Whoa--I think Mr. S.cotus owes some apologies here, especially to Prof. Rosenthal. It's perfectly fair to disagree with the merits of someone's ideas, however, that disagreement should also be done fairly. I am a colleague of Larry's, and while I don't agree with everything he says, I have to insist that it is unfair to toss off an ad hominem that is a grave insult to his academic reputation, one that shows not even an attempt actually to engage with his scholarship, and one based purely in malicious speculation.

Since he is likely too much of a gentleman to say it, let me note that Larry is precisely the model of a practitioner-scholar that most on these boards, including Mr. S.cotus, could only aspire to be.

Larry graduated from Harvard Law School, where he won the Fay Diploma (highest combined grade point average for three years of study at HLS), and was an editor of the Harvard Law Review. He clerked for Judge Prentice Marshall of the United States District Court for the Northern District of Illinois and Justice John Paul Stevens of the United States Supreme Court.

He served as an AUSA in Chicago, specializing in organized crime and public corruption prosecutions—he brought the first racketeering case involving insider trading. He became Deputy Corporation Counsel for the City of Chicago, and while there argued three cases in the Supreme Court of the United States. Since becoming a law professor, he has authored 5 briefs (including a respondent’s brief) in the SCOTUS, and engaged in litigation in other appellate courts, usually on a pro bono basis.

If you think that Larry has anything against scholarship per se, look at his c.v. As I noted, he was on the Board of the Harvard Law Review, and he is the author of 9 law review pieces--with hundreds of downloads logged on SSRN.

BTW, rather than take cheap and uninformed shots at an accomplished scholar-practitioner, the actual protocol of intelliectual discourse is to read what somebody publishes before making an ass of yourself. Larry's not hiding behind some pseudonym--his work is published and available on SSRN. If you wnat to know what he thinks, take a look. See especially his w.i.p. "Second Amendment Plumbing After Heller: Of Standards of Scrutiny, Incorporation, Well-Regulated Militias and Criminal Street Gangs," his NYU Law & Social Change piece on "The Crime Drop and the Fourth Amendment: Toward an Empirical Jurisprudence of Search and Seizure," and his Yale Law & Policy piece on "Policing and Equal Protection."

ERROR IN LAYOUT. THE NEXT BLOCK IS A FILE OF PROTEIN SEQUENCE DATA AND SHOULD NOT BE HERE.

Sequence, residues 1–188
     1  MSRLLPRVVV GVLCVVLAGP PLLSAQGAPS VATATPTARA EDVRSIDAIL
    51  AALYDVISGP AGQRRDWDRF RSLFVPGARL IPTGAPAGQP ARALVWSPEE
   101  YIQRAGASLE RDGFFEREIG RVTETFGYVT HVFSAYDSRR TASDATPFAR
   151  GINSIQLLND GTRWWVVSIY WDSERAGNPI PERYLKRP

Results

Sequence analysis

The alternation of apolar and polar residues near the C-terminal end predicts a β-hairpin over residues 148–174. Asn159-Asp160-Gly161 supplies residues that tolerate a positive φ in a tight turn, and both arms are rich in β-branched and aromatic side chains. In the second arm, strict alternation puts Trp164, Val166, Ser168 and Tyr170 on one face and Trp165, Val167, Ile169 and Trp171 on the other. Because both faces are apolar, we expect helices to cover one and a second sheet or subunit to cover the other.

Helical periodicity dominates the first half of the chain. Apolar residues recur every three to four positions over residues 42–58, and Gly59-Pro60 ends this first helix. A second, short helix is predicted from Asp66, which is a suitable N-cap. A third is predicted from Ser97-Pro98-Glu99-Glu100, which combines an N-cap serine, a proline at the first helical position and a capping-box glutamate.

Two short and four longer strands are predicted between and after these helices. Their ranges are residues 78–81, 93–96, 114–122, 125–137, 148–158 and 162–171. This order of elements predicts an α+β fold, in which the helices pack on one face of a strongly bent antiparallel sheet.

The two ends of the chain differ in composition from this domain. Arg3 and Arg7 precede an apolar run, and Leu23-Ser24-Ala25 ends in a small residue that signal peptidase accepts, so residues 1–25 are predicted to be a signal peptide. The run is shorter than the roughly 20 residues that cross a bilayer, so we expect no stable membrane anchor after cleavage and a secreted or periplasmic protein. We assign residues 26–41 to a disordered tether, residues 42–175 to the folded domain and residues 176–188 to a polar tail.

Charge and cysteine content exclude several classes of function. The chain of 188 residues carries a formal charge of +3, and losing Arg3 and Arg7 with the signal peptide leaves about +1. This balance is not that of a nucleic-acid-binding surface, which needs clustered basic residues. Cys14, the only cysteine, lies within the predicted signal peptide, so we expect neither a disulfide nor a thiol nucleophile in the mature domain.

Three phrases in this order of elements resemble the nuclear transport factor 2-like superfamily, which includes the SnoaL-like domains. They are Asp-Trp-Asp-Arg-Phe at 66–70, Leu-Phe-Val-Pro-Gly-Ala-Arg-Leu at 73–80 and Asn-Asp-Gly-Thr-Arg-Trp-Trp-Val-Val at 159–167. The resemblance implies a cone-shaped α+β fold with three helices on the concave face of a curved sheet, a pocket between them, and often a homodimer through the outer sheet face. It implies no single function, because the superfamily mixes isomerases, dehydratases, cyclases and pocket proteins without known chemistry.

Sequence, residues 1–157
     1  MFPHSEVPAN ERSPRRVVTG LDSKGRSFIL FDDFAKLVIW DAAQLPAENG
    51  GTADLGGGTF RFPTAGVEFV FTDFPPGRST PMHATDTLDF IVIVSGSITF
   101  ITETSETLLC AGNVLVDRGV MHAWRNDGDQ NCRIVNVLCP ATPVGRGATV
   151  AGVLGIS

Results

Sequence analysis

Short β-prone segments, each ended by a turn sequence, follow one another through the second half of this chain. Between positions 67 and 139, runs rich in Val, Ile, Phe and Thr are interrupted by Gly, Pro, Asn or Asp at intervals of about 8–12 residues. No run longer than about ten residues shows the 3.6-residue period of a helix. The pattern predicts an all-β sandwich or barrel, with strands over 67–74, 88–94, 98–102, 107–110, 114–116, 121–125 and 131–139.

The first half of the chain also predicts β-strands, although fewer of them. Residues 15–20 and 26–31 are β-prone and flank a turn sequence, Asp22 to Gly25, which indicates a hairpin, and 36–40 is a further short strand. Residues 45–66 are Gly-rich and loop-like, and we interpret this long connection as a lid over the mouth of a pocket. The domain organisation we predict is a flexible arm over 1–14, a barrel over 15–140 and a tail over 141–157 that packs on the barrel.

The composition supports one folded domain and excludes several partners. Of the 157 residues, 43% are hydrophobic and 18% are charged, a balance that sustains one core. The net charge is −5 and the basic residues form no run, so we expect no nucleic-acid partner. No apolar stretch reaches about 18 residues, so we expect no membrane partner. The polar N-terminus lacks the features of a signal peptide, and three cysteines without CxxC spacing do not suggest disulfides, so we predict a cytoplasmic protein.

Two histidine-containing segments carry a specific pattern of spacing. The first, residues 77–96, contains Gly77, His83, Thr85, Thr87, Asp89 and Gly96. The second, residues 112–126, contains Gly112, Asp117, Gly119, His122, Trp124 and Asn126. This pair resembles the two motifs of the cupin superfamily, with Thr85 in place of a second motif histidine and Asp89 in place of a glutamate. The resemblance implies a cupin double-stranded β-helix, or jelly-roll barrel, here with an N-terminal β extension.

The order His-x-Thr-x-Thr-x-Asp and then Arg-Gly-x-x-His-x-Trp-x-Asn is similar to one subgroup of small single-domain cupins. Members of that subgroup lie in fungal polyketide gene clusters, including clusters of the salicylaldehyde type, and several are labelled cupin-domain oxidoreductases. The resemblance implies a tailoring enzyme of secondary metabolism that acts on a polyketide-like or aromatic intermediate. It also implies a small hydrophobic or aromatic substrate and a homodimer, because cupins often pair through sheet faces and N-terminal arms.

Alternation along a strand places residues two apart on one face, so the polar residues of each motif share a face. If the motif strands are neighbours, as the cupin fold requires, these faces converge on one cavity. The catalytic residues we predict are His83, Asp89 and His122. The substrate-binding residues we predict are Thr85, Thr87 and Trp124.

And, if that crack about "real law schools" was supposed to be a disparagement of Chapman, Mr. S.cotus again needs to do some reading up--a school with 5 faculty members who are fomer Supreme Court clerks, and which includes faculty like Ron Rotunda, clearly fits anyone's definition of the real thing.

Finally, Chapman's own Dean and 9 other current faculty members have earned doctorates (including me), and some of us think Larry sometimes pushes his concerns about academic scholarship a bit to hard. It's perectly possible to have that debate in an intellectually honest way. Mr. S.cotus should feel free to do that, but he needs to cut the crap.

Posted by: Ron Steiner | Oct 4, 2008 4:28:44 AM

Mr. Rosenthal, I think that you are making your statements to attain some political gain. You are trying to show that somehow you are different than other scholars, because you 1) you don’t mind a few poor people being beaten up; and 2) you used to work as a lawyer for an executive or legislative body. My guess is that you are saying this so that your law school will receive politically-motivated contributions, thinking that you are the “pro-cop” school. (Most law firms I know do not respond to applications from Chapman grads, because they feel that their reputations would suffer.)

Specifically, there are a few problems with your argument.

First of all, it may well be that some academic articles ARE of interest for lawyers and judges. In fact, I can say first hand that lawyers and judges will do Westlaw searches through “JLR” to see if anything supports their preconceived notions of the law. This isn’t really what academics generally want to be known for (and it isn’t what “Simple Justice” was talking about), but it is a useful thing that law reviews do.

Secondly, you do not really define what “significance” means. At real law schools, having a core of eminent legal scholars enables students to become better lawyers. The fact that a student is able to interact with a scholar means that he will have an easier time finding a job. This, itself, is an “impact” outside academe. For example, the judge I clerked for would reject anyone that didn’t have at least one reference from a nationally-known constitutional scholar without even looking at the writing sample. Without a long record of publication, none of these king-makers would ever be known. This might be a secondary effect of legal scholarship, but it is a very important one.